My name is Christopher. My wife Everlyne and I are HIV-positive, but our two sons – three-year-old Norus Ombama and nine-month-old Budy Busaia -- are strong, healthy, and HIV-negative.
In 2006, while I was still working at Kenya Railways, I had been very sick, so I decided to get tested for HIV. When the tests came back positive, I was afraid to disclose my status to anyone. I battled with the sad news for one week before I told my wife. After being tested, she found out that she, too, was HIV-positive. We started going to counseling and were started on antiretroviral therapy (ART) immediately.
It has been a constant struggle to provide for the health and prosperity of my family since I lost my job at Kenya Railways in 2007. Afterward, my wife and I came home to our village in Emakale to work on our farm. We tried to keep a dairy cow, but it soon died, so then we began to seek a living by rearing cattle.
When we moved back to the village after I lost my job, we had to go to the district hospital for treatment. The hospital was very far from the farm, and we paid 150 shillings (US$2) each way for transportation. Because we weren’t able to farm at this point, we could not afford trips to the hospital, and so my wife and I did not have access to the medicine we needed to keep healthy. At the time, the Kilingili Health Center, which was only walking distance from our house, was not providing antiretroviral medicines (ARVs). We mobilized other HIV-positive people in our area and organized to discuss the absence of care and treatment services with the health center.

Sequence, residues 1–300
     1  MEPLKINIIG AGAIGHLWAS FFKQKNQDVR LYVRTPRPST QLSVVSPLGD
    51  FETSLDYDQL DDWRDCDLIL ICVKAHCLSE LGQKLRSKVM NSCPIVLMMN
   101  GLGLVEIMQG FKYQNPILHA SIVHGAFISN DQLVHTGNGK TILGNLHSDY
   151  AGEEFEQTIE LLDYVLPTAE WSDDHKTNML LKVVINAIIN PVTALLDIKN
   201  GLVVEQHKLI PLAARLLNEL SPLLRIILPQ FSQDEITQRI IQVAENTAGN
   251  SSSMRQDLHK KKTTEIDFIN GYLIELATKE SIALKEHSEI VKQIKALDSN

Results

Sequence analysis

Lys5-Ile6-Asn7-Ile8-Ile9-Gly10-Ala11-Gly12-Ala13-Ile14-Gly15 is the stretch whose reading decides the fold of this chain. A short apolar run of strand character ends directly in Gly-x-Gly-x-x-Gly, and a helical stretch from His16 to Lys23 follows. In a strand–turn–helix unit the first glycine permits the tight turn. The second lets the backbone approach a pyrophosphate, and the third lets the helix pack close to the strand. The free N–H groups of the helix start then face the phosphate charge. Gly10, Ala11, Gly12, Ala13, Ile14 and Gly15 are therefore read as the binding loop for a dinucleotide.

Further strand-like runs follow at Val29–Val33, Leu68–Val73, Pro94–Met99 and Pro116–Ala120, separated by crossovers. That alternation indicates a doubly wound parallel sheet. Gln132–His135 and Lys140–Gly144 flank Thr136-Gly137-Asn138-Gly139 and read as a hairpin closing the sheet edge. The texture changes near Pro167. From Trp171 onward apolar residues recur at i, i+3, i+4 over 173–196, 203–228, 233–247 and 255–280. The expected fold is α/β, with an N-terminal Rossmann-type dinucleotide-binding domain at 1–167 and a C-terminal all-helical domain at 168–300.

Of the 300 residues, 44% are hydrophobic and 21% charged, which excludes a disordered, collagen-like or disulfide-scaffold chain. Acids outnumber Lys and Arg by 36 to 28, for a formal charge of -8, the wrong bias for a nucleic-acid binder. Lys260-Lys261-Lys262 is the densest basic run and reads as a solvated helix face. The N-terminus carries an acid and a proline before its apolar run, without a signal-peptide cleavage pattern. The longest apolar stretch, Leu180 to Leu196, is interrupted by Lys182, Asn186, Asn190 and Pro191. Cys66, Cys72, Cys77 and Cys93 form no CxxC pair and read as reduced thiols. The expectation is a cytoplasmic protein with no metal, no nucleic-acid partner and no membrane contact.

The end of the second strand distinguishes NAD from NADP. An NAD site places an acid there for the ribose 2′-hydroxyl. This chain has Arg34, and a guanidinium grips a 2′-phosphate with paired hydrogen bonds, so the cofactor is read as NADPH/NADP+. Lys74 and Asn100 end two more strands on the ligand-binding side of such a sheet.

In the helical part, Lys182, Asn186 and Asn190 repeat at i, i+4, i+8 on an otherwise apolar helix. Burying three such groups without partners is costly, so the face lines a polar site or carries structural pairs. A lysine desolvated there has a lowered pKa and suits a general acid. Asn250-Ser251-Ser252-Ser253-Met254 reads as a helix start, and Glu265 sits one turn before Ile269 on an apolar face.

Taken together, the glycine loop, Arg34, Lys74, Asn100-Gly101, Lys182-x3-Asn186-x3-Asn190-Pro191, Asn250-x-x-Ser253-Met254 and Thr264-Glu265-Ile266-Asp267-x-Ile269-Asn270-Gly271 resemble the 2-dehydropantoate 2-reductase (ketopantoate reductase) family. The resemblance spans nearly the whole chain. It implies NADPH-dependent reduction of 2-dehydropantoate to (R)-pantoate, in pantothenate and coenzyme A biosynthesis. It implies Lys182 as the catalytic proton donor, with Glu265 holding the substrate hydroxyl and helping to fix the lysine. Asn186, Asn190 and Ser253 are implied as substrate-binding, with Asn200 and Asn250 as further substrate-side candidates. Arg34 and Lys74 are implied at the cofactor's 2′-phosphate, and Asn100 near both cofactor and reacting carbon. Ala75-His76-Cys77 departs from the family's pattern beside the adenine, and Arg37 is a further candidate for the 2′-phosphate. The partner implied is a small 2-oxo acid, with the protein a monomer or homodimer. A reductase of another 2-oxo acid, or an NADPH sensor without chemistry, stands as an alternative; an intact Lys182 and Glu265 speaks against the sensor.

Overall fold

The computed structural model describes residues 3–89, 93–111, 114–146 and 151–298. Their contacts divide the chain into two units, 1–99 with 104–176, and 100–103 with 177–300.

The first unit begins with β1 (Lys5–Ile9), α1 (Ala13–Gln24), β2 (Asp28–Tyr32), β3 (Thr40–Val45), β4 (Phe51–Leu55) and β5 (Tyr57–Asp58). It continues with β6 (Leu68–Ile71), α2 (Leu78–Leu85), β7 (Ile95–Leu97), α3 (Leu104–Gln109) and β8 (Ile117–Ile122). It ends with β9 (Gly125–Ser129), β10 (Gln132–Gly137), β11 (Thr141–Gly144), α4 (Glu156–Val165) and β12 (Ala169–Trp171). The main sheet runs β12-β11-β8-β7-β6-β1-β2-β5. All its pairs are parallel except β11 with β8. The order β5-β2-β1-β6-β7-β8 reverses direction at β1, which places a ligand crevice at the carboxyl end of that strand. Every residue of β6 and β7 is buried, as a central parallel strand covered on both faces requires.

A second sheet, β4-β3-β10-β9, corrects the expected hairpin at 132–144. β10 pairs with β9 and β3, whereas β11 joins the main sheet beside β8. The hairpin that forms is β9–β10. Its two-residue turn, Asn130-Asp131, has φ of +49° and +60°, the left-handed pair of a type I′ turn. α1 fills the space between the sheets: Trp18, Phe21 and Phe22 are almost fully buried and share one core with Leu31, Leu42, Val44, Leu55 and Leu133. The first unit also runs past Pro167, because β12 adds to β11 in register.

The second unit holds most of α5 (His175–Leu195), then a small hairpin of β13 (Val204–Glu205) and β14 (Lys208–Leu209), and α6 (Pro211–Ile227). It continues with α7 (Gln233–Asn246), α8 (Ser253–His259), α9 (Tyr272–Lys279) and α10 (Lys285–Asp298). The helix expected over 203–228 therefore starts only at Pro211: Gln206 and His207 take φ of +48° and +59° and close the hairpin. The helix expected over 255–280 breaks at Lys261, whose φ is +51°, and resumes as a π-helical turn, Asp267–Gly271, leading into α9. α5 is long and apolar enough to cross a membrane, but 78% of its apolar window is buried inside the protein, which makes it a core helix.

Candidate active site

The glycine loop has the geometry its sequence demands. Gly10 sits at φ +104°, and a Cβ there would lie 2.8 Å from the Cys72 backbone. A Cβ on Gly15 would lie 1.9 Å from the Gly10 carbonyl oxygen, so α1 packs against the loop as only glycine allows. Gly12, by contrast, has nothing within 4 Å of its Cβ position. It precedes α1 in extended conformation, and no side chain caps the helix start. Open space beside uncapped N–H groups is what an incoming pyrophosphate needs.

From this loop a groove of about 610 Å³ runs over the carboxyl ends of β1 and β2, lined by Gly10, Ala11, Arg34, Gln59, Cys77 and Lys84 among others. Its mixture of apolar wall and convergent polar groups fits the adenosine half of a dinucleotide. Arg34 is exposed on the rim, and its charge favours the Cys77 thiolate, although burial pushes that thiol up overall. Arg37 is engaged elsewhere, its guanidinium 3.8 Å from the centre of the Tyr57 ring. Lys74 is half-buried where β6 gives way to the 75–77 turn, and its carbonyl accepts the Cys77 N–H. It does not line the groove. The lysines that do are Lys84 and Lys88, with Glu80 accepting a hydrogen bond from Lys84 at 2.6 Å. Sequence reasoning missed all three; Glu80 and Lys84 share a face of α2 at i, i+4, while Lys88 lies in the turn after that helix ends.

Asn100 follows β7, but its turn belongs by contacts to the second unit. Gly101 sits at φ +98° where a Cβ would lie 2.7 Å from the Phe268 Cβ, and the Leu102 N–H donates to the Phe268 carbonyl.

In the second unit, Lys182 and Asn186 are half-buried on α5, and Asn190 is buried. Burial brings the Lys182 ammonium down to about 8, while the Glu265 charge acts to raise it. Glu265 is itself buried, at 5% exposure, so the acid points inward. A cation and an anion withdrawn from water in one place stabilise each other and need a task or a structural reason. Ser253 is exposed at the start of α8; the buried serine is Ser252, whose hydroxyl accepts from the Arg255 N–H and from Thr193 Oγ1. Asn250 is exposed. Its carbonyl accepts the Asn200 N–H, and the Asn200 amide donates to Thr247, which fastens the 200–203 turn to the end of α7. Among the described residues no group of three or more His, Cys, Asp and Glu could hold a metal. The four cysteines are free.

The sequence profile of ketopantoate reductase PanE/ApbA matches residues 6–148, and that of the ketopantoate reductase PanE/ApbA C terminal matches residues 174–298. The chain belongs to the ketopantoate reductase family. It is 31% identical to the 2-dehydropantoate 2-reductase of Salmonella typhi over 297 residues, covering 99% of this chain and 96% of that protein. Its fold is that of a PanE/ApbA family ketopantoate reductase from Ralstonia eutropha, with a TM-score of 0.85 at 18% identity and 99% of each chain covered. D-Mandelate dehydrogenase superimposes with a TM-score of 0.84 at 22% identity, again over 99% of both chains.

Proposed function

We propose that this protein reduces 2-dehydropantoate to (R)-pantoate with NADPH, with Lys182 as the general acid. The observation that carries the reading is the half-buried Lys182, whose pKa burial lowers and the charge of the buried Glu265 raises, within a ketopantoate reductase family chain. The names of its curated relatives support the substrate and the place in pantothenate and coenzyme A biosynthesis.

The health workers at the center were very supportive of our initiative, and linked us to USAID’s AIDS Population and Health Integrated Assistance (APHIA) project. By January 2008, my wife and I – along with the other HIV-positive people in our community – began collecting our ARVs from the Kilingili health center. We are very proud of our community for accomplishing this.
Today, the health center provides prevention of mother-to-child transmission of HIV services. Through these services, my wife and I learned that even though we are HIV-positive, we could have HIV-negative children. We followed their medical advice, and my wife has since given birth to two beautiful and healthy HIV-free boys!
I now give back to my community as a volunteer peer educator at Kilingili Health Center. I help people who are living with HIV adhere to their ARV treatments, and I lead a support group in my village that focuses on income generation, nutrition, and health.
As a man, a father, and a husband, I am so proud to help educate other men about the reality of HIV. Even though there are only two men in our support group of 11, we will continue our efforts to reach families and to educate them about preventing mother-to-child transmission of HIV. My own family knows how important these tools are, because they have given us health and hope. I am convinced we will win this battle.